According to the report, the plaintiffs in the Ecuador case have a strong case for enforcement of the Ecuador verdict in countries worldwide where Chevron has assets, which could lead to abrupt asset seizures in places like the Phillippines, Singapore, Brazil, Venezuela and Argentina. The report also warns that Chevron's current litigation and public relations strategy could threaten the company's "social license to operate" around the world:

"Chevron needs both legal permission from governments and "social license to operate" from local communities where the company is bidding to exploit new oil and gas fields...the notoriety of Chevron as an irresponsible operator {could} increase opposition by governments and local communities to granting Chevron legal and social license to operate in new areas."

The report also reveals that Chevron management appears to be caught up in a duplicitous web of lies, on the one hand confessing in sworn testimony the "irreparable harm" that the Ecuador verdict poses to their business interests, and on the other hand obfuscating the risks in their public filings and statements to shareholders.

For instance, the report cites sworn testimony by Chevron Deputy Comptroller Rex Mitchell explaining that:

"the seizure of Chevron assets, such as oil tankers, wells, or pipelines, in any one of these countries, would disrupt Chevron's supply chain and operations; and seizures in multiple jurisdictions would be more disruptive. Defendants' campaign to seek seizures anywhere around the world and generate maximum publicity for such acts would cause significant, irreparable damage to Chevron. Unless it is stopped, Defendants' announced plan to cause disruption to Chevron's supply chain is likely to cause irreparable injury to Chevron's business reputation and business relationships that would not be remediable by money damages."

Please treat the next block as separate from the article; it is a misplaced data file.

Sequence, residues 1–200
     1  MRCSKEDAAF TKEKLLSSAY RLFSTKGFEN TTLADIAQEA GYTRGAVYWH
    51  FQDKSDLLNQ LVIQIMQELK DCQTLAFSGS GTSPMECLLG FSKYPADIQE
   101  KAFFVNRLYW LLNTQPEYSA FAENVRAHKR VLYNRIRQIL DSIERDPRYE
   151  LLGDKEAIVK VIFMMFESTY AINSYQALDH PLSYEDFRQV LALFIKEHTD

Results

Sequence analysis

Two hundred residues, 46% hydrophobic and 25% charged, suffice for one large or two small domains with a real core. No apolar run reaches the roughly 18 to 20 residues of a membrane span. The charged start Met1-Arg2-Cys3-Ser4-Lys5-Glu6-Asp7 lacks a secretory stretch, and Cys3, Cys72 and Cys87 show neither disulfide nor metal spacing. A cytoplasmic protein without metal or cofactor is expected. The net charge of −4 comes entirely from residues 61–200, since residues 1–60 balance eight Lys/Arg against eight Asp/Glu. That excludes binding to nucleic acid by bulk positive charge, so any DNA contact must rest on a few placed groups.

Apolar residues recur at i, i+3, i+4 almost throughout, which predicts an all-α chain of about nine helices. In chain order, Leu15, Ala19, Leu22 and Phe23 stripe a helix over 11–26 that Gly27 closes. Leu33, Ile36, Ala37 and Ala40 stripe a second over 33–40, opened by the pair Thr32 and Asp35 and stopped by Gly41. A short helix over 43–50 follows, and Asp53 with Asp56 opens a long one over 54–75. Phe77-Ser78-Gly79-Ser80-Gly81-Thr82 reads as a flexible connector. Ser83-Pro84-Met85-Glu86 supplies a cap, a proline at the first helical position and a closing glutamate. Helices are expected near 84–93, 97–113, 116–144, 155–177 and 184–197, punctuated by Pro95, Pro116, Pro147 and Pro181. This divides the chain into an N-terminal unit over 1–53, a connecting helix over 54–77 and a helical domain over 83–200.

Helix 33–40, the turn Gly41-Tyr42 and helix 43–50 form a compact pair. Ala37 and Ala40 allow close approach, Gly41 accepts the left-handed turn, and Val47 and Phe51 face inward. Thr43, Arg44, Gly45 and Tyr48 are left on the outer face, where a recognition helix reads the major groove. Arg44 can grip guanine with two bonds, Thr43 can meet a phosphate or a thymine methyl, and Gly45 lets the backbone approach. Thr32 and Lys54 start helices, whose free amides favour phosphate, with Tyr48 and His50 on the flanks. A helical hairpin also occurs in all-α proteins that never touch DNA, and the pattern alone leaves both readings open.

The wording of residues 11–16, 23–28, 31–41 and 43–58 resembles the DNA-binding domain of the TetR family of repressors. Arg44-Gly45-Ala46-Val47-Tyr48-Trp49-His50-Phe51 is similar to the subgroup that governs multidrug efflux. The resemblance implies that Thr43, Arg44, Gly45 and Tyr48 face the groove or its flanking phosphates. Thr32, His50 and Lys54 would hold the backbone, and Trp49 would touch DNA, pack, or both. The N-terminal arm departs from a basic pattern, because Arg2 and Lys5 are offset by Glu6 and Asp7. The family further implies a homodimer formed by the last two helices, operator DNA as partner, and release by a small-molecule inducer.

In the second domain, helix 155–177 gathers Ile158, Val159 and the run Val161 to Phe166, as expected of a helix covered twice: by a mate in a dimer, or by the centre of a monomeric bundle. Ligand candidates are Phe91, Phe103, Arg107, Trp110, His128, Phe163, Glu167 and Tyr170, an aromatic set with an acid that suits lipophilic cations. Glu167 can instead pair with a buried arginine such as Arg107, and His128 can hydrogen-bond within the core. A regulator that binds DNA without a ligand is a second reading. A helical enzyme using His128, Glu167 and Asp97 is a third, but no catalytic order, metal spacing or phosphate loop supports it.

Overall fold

The report goes on:

"While Chevron has admitted in sworn legal statements that the company is at risk of "irreparable injury to [its] business reputation and business relationships" from potential enforcement of the Ecuadorian court judgment, the company has failed to characterize these risks to the company in its public filings and statements to shareholders."

As the Corporate Campaigns Director for Amazon Watch, the environmental and human rights organization that has been spearheading an international corporate accountability campaign on Chevron for the last decade, I have been following Chevron's handling of the Ecuador disaster very closely.

It was refreshing, and even a bit heartening, to read this report because it suggests that, for Chevron, doing the right thing in Ecuador - that is, funding a full scale remediation and providing health compensation for communities - will actually help the company minimize the escalating financial, operational and reputational risk that a protracted and aggressive litigation strategy would entail. Doing the right thing in Ecuador makes good business sense. Chevron management and Board of Directors should read this report carefully. I know their shareholders will. Amazon Watch and Rainforest Action Network are sharing the report with California lawmakers, stock analysts, public pension funds, university endowments, institutional investors, and other public interest organizations nationwide.